At the exact midway point in the Spurs season, it’s easy to forget where this team was 11 weeks ago. Coming off a disappointing playoff series against the "UNDISPUTED AND DON’T YOU DARE ARGUE—BEST POINT GUARD IN THE LEAGUE CHRIS PAUL (assuming you don’t classify Westbrook or Curry as "Pure" PGs, and refuse to project Lillard, Irving, Wall, or Conley)," and with shiny new parts in key positions; the one legitimate reason the Spurs wouldn’t be infallible was Tony Parker. If he couldn’t be more than a devastatingly handsome face and a perpetual 5-o’clock-shadow, the Spurs simply wouldn’t have the space to operate or get their own shots. He was the weak point of defense and a shell of his former self on offense. He was...a question mark.

An impressive early season campaign aside, Parker has seemingly put those doubts firmly to bed in the past 72 hours. After a 31 point performance against the Pistons on Tuesday, Parker looks rejuvenated and energetic. It was he who was asking unanswered questions of the Cavalier's defense.

Numbers Game

121- The tally is now up to 121 seconds spent trailing, out of 16,560 played during the fourth quarter at home this season.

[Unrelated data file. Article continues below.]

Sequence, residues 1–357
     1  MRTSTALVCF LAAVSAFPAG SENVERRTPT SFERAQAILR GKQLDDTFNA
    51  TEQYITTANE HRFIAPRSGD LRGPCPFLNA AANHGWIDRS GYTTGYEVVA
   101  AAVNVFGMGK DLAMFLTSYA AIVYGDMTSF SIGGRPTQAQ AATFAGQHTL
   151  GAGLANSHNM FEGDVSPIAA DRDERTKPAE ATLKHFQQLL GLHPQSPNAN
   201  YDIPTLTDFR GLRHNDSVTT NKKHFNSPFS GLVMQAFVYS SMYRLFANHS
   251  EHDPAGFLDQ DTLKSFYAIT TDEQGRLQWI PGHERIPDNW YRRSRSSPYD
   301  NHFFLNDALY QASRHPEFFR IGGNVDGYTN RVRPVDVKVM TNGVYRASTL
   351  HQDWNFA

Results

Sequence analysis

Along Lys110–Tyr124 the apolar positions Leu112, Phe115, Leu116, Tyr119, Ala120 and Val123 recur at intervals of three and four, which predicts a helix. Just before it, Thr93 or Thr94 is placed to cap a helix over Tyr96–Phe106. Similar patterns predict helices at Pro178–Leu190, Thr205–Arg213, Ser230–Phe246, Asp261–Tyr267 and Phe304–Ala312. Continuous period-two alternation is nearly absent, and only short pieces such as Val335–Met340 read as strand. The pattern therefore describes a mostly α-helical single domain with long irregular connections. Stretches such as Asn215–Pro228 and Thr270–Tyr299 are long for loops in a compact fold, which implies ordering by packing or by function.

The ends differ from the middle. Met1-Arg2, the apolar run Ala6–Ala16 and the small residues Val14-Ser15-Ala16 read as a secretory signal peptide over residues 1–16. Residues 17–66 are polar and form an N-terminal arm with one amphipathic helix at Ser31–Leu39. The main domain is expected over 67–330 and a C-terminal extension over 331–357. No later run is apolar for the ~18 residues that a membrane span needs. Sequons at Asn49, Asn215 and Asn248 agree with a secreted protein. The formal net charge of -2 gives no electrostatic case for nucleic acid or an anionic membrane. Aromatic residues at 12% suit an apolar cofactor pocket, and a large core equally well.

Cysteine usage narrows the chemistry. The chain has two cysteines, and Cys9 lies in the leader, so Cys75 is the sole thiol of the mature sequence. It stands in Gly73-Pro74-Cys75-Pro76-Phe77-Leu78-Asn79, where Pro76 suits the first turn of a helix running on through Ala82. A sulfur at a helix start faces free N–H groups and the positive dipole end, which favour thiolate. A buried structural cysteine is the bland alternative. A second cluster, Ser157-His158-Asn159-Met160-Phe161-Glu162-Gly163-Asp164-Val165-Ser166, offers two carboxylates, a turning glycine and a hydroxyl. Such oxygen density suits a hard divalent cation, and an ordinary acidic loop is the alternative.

90 - Tony Parker passed Wilt Chamberlain for 90th on the games played list with 1046. (Parker is also 8th with 203 additional playoff games).

70 - The Spurs have reached the midpoint of the season at 35-6, on pace for 70-12...There has only been one 70 win team in NBA history, and this season there are two on pace for it!

65 - Even if both the Spurs and the Warriors cool off in the second half and settle for paltry 65 win seasons, it would be only the second time in history with two 65-game winners.

32 - And counting. The last home loss was courtesy of Kyrie Irving and the Cavs in OT. Their last home loss in regulation? January 31, 2015.

15 - The Spurs came back from a 15-point deficit and showed the character that could be excused if it were missing after only the 3rd time trailing at the half in 23 home games.

TweetGame Strong:

The Spurs did not disappoint, and the Internet followed suit:

What? We all laughed.

This was an incredible photo to capture physics and gravity being denied. With a straight face.